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Understanding Your Credit Score and How to Improve It

April 26, 2024
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Your credit score might seem like a mystery but a lot of information is wrapped up in those three digits. Your credit score contains your spending and payment habits. More importantly, to you, your credit score lets you know what kind of financial opportunities might be available and at what cost. Learn about what information goes into your credit score, what your rating means for your fiscal life and, if necessary, how to improve your credit score.

What is a Credit Score?

For something that holds so much sway over our lives, the actual meaning of a credit score isn’t that obvious. Your credit score is calculated from the information found in your credit report, which is a snapshot at your credit history. It details your lines of credit, such as credit cards and car loans, as well as credit information on public records such as bankruptcies. Some credit inquiries, called hard inquiries, will also impact your credit report.

Your credit score not only impacts whether you can get a loan, but it also affects whether you get a favorable interest rate. Your score might decide whether you qualify for a lease on a rental property, a car loan, or even a cell phone service plan.

It’s safe to say that your credit score has a huge impact on your life.

How Credit Scores Are Calculated

To gain an understanding of what elements make up good and bad credit scores, here is a simple breakdown:

  • 10% Credit Mix: Managing a variety of credit accounts such as credit cards, installment loans, and mortgage loans can help boost your credit score. This is why opening a credit card and managing it well can benefit your credit score.
  • 10% New Credit: Opening multiple new credit lines in a short period can ding your credit score. Try to wait at least six months between opening credit lines.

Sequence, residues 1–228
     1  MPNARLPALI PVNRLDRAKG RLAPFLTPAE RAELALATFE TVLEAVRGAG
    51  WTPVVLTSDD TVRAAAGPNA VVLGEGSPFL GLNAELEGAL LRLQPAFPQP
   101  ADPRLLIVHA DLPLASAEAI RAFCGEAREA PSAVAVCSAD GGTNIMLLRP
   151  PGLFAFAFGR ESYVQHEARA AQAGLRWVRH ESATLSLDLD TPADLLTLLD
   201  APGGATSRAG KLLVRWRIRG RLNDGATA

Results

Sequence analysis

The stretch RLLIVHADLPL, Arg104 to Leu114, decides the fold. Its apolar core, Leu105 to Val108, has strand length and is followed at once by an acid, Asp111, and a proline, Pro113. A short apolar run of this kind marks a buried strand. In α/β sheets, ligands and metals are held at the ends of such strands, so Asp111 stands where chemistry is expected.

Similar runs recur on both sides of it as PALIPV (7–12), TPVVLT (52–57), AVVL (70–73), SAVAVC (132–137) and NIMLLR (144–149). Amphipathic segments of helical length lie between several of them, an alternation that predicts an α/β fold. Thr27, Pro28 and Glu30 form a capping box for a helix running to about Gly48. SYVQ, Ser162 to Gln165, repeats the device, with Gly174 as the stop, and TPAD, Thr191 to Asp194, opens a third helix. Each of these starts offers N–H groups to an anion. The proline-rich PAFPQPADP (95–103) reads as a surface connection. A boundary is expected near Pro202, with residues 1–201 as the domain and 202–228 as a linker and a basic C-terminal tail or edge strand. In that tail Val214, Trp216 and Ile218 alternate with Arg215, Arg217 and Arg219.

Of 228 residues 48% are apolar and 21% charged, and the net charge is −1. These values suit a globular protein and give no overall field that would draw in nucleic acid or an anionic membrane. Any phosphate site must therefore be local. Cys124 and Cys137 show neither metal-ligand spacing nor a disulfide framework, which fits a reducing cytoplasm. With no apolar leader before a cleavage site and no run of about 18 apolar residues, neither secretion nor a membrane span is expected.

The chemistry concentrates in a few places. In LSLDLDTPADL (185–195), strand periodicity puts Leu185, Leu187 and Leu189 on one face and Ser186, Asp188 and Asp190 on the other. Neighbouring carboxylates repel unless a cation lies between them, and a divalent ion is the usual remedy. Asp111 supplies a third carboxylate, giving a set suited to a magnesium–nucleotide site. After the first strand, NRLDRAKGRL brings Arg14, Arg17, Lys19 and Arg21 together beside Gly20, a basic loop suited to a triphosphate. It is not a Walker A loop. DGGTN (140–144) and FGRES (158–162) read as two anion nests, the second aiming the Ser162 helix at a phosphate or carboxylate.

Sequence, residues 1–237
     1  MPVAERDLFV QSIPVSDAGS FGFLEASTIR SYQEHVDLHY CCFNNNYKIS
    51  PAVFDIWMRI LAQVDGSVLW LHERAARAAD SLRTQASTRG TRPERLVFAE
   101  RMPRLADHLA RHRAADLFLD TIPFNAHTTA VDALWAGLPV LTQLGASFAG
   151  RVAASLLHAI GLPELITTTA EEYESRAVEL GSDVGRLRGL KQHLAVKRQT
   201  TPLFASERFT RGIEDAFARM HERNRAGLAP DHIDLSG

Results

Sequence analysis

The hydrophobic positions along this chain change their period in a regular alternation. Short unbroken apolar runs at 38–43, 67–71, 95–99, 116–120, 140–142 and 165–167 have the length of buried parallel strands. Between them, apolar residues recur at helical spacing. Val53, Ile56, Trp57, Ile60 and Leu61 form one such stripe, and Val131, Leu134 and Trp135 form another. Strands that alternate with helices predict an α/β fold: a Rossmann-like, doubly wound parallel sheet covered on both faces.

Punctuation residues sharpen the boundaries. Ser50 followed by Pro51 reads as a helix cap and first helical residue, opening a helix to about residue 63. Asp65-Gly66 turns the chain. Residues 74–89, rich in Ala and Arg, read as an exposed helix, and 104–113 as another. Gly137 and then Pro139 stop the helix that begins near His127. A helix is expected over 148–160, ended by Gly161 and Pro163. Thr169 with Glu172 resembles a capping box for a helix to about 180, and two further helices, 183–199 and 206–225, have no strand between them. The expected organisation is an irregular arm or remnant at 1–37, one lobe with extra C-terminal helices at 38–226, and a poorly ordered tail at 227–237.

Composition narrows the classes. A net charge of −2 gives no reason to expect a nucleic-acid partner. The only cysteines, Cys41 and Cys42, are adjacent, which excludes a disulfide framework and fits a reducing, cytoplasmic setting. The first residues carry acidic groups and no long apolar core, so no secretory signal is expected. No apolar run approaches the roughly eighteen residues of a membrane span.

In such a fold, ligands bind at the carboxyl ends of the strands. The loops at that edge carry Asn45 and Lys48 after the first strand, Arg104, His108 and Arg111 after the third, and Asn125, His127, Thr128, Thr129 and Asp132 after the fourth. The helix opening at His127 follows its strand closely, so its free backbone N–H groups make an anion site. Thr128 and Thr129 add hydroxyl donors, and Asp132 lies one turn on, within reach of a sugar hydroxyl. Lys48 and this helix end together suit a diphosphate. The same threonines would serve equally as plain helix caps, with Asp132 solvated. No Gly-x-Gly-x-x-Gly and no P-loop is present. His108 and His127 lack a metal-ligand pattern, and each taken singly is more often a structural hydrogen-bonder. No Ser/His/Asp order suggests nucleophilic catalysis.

• 15% Length of Credit History: An older account does better than a younger credit account.
  • 30% Amounts Owed: This takes into account how much credit you’re using versus how much is available to you.
  • 35% Payment History: This is the most important factor and the simplest. Do you pay your bills on time?

How to Check Your Credit Score

  • Checking Your Credit Score: If you want to check your credit score annually, you have the right to request one free copy from each of the reporting companies — Equifax, Experian, and TransUnion. If you stagger your credit report requests, you can get several in one year.
  • Monitoring Your Credit Score: If you want to protect your credit score from fraud, credit monitoring companies keep daily watch over your score. Many companies offer free basic plans.
  • Checking for Errors: Credit report errors happen! Check that all your information is correct to ensure the right data is attributed to your report. This includes checking to see account statuses are accurate (closed accounts aren’t open), data entry duplications do not exist, and prepping to dispute any errors.
  • Disputing Inaccuracies: You’ll want to dispute inaccuracies with each credit bureau that has a mistake in your report. If you’re worried about someone stealing your identity to use your credit, there are government resources you can report the information to. Credit bureaus are obligated to fix incomplete or inaccurate information on your credit report.